Yeah, yeah, LeBron James is nominally a small forward. But if this (never, ever gonna happen) team took the court against the 2016-17 Warriors, LeBron and Draymond Green would see A LOT of each other. Their mouths would be be doing so much yapping, and they would each utter so many bold proclamations that I bet they’d be able to trace the contours of each other’s dental structure from memory by the time the series was over. (Note: This might already be true after two straight Finals showdowns, with a possible third one looming on the horizon)

LeBron might play like a shooting guard wearing Karl Malone’s body like armor, and Draymond Green might play like Shaquille O’Neal if he’d never had a growth spurt, but the obvious advantage — both in this fictional series and in the actual, real life series to come, this year or the next — goes to LeBron.

Advantage: All-NBA first team


Zaza Pachulia vs. Anthony Davis

New Orleans Pelicans v Golden State Warriors Photo by Ezra Shaw/Getty Images

So, SB Nation’s thought experiment orginally asked the question, “Could the Warriors’ ‘Death Lineup’ beat the All-NBA first team?” Obviously, I’ve gone in a slightly different direction, because if we start messing around with starting lineups, assuming there are better, more death-ier lineups available, then maybe the All-NBA team is sliding Stephen Curry (All-NBA second team) or Kevin Durant (also All-NBA second team) onto their squad instead of Anthony Davis and then this whole experiment is worthless (not that it holds a whooooole lot of weight to begin with, but whatever).

By far the worst/funniest response to the original question:

Ahhhhhhhhhh my dude. Way, way too soon.

Well, without getting any further into that bag of live wasps, let’s just move right along and admit that obviously Anthony Davis wins this matchup.

Advantage: All-NBA first team


Stephen Curry’s brilliant all around play would negate and frustrate the defensively apathetic Harden and Westbrook combination, while Klay Thompson’s defense would disrupt their flow on the other side of the court. I think overall the backcourt is a clear win for the Warriors.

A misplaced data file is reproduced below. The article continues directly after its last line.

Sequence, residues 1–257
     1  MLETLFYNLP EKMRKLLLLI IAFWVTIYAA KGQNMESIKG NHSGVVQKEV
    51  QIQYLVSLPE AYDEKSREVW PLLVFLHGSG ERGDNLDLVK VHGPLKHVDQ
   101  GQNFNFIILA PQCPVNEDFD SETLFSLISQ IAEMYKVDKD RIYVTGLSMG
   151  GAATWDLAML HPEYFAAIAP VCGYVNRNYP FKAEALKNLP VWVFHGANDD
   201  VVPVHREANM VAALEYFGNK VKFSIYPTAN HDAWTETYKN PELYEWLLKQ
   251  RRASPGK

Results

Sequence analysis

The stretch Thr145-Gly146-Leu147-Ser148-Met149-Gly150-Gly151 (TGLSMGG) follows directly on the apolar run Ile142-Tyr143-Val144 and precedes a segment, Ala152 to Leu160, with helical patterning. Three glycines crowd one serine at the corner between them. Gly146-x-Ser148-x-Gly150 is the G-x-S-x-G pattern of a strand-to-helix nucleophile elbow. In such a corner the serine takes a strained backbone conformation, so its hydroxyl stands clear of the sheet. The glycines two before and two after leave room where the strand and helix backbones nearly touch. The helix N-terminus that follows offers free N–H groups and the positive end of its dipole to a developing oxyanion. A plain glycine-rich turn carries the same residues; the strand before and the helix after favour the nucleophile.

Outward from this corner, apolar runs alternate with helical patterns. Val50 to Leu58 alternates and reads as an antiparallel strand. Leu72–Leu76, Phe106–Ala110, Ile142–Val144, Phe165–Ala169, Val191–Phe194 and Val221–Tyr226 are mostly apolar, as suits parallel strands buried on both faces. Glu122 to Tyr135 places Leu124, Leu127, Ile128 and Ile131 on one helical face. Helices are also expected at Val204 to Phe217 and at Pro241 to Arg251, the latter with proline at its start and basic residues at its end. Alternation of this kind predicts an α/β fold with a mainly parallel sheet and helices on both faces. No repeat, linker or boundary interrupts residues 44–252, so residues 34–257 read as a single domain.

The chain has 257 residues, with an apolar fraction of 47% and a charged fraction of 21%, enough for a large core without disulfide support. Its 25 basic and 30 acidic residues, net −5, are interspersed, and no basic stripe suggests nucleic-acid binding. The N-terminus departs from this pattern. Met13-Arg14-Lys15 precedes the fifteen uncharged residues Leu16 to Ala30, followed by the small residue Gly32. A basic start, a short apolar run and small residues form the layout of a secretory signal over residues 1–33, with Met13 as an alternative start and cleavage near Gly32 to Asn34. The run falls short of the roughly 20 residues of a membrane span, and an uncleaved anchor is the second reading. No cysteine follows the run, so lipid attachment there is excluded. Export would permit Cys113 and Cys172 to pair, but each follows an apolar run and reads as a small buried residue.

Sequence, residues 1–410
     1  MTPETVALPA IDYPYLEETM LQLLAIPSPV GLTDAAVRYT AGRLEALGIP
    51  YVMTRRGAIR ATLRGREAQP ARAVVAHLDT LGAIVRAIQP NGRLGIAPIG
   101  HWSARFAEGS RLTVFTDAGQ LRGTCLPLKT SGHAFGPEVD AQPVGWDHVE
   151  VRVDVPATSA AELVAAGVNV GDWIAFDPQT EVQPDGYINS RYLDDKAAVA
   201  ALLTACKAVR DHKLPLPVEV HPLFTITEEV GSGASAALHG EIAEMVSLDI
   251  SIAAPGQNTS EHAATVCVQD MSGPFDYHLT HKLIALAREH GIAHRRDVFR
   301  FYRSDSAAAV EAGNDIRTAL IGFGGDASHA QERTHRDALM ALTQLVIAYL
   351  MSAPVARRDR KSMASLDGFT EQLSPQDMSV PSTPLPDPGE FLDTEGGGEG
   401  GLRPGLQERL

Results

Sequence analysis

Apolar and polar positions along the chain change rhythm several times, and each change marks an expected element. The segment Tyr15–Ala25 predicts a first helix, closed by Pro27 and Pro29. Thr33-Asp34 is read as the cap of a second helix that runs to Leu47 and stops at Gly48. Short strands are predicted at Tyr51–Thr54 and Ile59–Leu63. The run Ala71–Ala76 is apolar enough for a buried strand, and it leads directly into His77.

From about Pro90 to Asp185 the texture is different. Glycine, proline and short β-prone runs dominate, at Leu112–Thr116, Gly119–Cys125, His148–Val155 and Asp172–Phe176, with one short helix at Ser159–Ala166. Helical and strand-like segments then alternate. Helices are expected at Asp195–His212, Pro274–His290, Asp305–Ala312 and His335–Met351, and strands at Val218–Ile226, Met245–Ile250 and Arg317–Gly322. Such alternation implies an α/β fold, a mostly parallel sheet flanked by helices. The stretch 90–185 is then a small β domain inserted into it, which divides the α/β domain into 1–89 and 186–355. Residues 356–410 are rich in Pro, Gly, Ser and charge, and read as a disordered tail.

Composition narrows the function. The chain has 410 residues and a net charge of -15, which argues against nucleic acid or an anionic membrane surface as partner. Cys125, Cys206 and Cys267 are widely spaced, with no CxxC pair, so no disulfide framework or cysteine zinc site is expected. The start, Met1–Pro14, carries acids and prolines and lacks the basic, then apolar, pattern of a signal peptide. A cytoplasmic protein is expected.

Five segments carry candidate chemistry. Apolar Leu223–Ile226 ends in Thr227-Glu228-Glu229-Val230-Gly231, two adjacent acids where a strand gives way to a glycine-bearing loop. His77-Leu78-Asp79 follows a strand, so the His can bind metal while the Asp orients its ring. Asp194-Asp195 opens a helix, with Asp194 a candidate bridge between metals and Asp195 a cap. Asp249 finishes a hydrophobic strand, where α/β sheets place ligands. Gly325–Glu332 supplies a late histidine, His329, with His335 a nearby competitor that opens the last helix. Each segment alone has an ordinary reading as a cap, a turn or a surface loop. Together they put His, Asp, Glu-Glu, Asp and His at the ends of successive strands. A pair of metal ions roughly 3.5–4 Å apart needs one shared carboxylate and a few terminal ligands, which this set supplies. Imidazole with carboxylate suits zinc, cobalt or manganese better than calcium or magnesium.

A lot of this would depend, obviously, on what system the All-NBA team would end up running. I mean, do they get Gregg Popovich to coach? Or are they bringing in some NBA dinosaur like Mark Jackson, and end up just running endless iso plays for each player, one at a time?

In the frontcourt, even with Durant, the Warriors would face a very fierce uphill battle for supremacy. LeBron and Durant maaaaaybe cancel each other out, with LeBron obviously having the slight upper hand with his experience and stronger frame. Even though technically they’d be playing out of position, you’d see a whole lot of Draymond Green vs. Leonard, with the league’s two best defensive players going toe to toe. Anthony Davis would destroy Zaza Pachulia, but whatever.

In the end, I’d say this series would go to a Game 7, with the Warriors winning at the buzzer after Andre Iguodala (breaking all the rules) checks himself into the game, sprinting down the court to make a world-ending, miraculous chase down block on a LeBron James layup to seal the deal.

Let’s do this.